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Without a soil to' invite the tiller's care,
Or blade that might redeem it from despair.
Yet Time at length (what will not time achieve?)
Clothes it with earth, and bids the produce live.
Once more the spiry myrtle crowns the glade,
And ruminating flocks enjoy the shade.
O bliss precarious, and unsafe retreats,
O charming Paradise of shortlived sweets!
The selfsame gale that wafts the fragrance round
Brings to the distant year a sullen sound;
Again the mountain feels the' imprison'd foe,
Again pours ruin on the vale below.
Ten thousand swains the wasted scene deplore,
That only future ages can restore.
Ye monarchs, whom the lure of honour draws, Who write in blood the merits of your cause, Who strike the blow, then plead your own defence, Glory your aim, but justice your pretence, Behold in Etna's emblematic fires
The mischiefs your ambitious pride inspires!
Fast by the stream that bounds your just domain,
And tells you where ye have a right to reign,
A nation dwells, not envious of your throne,
Studious of peace, their neighbours', and their own.
Ill fated race! how deeply must they rue
Their only crime, vicinity to you!
The trumpet sounds, your legions swarm abroad,
Through the ripe harvest lies their destined road;
At every step beneath their feet they tread
The life of multitudes, a nation's bread!
Earth seems a garden in its loveliest dress
Before them, and behind a wilderness.
Famine, and Pestilence, her firstborn son,
Attend to finish what the sword begun;
And echoing praises, such as fiends might earn,
And Folly pays, resound at your return.
A calm succeeds-but Plenty, with her train
Of heartfelt joys, succeeds not soon again,
years of pining indigence must show
What scourges are the gods that rule below.
Yet man, laborious man, by slow degrees
(Such is his thirst of opulence and ease),
Plies all the sinews of industrious toil,
Gleans up the refuse of the general spoil,
Rebuilds the towers that smoked upon
And the sun gilds the shining spires again.
Increasing commerce and reviving art
Renew the quarrel on the conqueror's part;
And the sad lesson must be learn'd once more
That wealth within is ruin at the door.
What are ye, monarchs, laurel'd heroes, say,
But Etnas of the suffering world ye sway?
Sweet Nature, stripp'd of her embroider'd robe,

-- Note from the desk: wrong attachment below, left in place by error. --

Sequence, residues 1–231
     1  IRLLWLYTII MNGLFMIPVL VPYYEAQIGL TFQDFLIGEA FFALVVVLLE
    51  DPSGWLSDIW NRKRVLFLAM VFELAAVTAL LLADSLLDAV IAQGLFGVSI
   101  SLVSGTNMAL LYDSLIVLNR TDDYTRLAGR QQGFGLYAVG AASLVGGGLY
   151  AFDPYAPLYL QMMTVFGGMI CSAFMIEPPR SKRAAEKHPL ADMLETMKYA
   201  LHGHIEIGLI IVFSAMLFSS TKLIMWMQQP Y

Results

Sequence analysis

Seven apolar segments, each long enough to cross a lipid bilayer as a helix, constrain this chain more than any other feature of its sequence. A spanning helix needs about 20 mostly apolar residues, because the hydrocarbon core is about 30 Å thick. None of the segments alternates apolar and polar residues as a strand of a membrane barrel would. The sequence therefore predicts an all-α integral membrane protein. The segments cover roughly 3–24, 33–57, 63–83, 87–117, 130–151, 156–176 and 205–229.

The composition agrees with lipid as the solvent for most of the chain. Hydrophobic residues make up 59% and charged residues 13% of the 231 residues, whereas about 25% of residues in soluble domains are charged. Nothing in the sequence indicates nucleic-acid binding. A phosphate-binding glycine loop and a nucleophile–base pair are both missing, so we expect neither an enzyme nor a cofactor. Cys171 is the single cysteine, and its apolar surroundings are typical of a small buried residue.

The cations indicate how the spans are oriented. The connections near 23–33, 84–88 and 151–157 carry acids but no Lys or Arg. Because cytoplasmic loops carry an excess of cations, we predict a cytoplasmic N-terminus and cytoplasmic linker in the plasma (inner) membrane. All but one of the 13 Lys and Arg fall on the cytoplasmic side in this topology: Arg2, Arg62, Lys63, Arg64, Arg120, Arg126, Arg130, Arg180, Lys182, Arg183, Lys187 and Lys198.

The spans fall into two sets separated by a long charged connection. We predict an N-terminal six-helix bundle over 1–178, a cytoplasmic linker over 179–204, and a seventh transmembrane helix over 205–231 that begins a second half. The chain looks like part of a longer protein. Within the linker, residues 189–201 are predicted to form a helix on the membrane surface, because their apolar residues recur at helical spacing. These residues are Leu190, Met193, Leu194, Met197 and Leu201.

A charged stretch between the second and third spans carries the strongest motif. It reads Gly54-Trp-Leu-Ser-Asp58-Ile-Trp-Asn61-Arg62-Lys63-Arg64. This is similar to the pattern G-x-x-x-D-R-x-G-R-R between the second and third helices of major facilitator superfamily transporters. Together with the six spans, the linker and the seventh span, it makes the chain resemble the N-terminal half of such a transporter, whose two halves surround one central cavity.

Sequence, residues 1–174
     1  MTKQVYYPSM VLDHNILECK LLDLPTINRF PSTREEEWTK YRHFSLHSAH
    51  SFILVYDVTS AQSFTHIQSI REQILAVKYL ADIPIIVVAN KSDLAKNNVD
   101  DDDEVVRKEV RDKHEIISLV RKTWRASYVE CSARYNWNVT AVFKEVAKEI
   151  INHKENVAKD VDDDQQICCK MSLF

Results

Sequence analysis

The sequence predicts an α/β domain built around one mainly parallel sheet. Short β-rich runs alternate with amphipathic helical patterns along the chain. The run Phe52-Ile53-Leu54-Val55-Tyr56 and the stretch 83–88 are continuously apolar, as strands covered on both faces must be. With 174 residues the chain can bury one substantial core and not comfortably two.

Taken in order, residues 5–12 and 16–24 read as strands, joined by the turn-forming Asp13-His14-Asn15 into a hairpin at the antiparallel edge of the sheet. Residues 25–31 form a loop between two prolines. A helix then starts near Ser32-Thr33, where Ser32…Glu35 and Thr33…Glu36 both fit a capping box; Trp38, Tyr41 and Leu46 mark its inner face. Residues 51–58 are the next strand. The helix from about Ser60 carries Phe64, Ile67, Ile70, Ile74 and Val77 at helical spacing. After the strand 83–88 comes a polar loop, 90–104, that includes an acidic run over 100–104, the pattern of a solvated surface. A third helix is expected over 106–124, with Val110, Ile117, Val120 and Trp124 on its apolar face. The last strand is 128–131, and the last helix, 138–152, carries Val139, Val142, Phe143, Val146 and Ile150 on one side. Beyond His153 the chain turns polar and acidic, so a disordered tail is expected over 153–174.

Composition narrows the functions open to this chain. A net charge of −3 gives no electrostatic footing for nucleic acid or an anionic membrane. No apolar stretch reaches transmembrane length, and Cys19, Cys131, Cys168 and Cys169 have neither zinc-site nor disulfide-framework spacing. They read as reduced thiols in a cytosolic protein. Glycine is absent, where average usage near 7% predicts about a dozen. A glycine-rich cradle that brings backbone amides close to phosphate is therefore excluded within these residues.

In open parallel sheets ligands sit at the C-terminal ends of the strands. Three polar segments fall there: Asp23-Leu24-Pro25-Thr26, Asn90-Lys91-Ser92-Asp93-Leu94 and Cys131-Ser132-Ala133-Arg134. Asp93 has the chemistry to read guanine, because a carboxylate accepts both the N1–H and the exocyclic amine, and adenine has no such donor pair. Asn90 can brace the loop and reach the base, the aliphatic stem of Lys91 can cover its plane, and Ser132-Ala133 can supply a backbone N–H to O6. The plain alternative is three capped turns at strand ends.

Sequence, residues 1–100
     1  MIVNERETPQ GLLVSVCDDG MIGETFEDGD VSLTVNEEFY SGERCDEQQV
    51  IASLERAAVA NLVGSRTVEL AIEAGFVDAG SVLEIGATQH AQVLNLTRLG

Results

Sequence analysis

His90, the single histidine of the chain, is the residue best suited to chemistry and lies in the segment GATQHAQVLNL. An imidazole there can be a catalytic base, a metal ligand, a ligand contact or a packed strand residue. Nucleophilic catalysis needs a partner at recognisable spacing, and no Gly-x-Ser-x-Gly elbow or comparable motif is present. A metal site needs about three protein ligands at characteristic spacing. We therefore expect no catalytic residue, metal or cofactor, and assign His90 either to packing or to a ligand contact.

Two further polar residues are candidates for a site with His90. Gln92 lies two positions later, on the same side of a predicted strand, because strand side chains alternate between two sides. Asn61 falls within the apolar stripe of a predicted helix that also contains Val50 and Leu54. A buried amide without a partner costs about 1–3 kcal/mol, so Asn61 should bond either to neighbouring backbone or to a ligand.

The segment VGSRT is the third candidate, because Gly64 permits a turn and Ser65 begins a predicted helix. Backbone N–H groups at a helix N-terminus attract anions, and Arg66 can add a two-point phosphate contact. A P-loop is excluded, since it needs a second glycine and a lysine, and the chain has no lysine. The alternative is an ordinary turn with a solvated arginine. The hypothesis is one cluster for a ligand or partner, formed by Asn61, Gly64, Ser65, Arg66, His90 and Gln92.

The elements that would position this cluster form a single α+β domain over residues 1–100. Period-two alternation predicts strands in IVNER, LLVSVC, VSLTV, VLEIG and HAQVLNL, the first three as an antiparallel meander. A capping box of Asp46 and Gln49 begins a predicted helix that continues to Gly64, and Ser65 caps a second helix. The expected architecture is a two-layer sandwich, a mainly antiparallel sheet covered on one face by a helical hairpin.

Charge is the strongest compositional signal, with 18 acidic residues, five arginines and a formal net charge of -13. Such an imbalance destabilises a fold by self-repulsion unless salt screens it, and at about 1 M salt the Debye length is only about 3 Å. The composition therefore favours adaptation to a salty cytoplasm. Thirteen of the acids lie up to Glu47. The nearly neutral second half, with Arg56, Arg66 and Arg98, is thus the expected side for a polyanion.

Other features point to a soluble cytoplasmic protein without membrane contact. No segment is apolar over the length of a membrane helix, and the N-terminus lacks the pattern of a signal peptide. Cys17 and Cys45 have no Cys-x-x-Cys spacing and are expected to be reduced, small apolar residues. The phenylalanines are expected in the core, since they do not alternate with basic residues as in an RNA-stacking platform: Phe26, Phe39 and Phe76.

Deplores the wasted regions of her globe;
And stands a witness at Truth's awful bar,
To prove you there destroyers as ye are.
O, place me in some Heaven-protected isle,
Where Peace, and Equity, and Freedom smile;
Where no volcano pours his fiery flood,
No crested warrior dips his plume in blood;
Where Power secures what Industry has won:
Where to succeed is not to be undone;
A land that distant tyrants hate in vain,
In Britain's isle, beneath a George's reign!
Amicitia nisi inter bonos esse non potest.
WHAT virtue, or what mental grace,
But men unqualified and base
Will boast it their possession?
Profusion apes the noble part
Of liberality of heart,
And dulness of discretion.
If every polish'd gem we find,
Illuminating heart or mind,
Provoke to imitation;
No wonder Friendship does the same,
That jewel of the purest flame,
Or rather constellation.
No knave but boldly will pretend
The requisites that form a friend,
A real and a sound one;
any fool he would deceive,
But prove as ready to believe,
And dream that he had found one.
Candid, and generous, and just,
Boys care but little whom they trust;
An error soon corrected-
For who but learns in riper years,
That man, when smoothest he appears, Is most to be suspected?
But here again a danger lies,
Lest, having misapplied our eyes,
And taken trash for treasure,
We should unwarily conclude
Friendship a false ideal good,
A mere Utopian pleasure.
An acquisition rather rare
Is yet no subject of despair;
Nor is it wise complaining,
If either on forbidden ground,
Or where it was not to be found,
We sought without attaining.
No friendship will abide the test,
That stands on sordid interest,
Or mean self love erected; Nor such as may awhile subsist Between the sot and sensualist,
For vicious ends connected.
Who seeks a friend should come disposed To' exhibit in full bloom disclosed
The graces and the beauties That form the character he seeks; For 'tis a union that bespeaks Reciprocated duties.
Mutual attention is implied,
And equal truth on either side,
And constantly supported:
'Tis senseless arrogance to' accuse
Another of sinister views,
Our own as much distorted.
But will sincerity suffice?
It is indeed above all price,
And must be made the basis;
But every virtue of the soul
Must constitute the charming whole,
All shining in their places.
A fretful temper will divide
The closest knot that may be tied,
By ceaseless sharp corrosion; A temper passionate and fierce May suddenly your joys disperse At one immense explosion.
In vain the talkative unite
In hopes of permanent delight—
The secret just committed,
Forgetting its important weight,
They drop through mere desire to prate,
And by themselves outwitted.
How bright soe'er the prospect seems,
All thoughts of friendship are but dreams,
If envy chance to creep in;
An envious man, if you succeed,
May prove a dangerous foe indeed,
But not a friend worth keeping.
As Envy pines at good possess'd,
So Jealousy looks forth distress'd
On good that seems approaching; And, if success his steps attend, Discerns a rival in a friend,
And hates him for encroaching.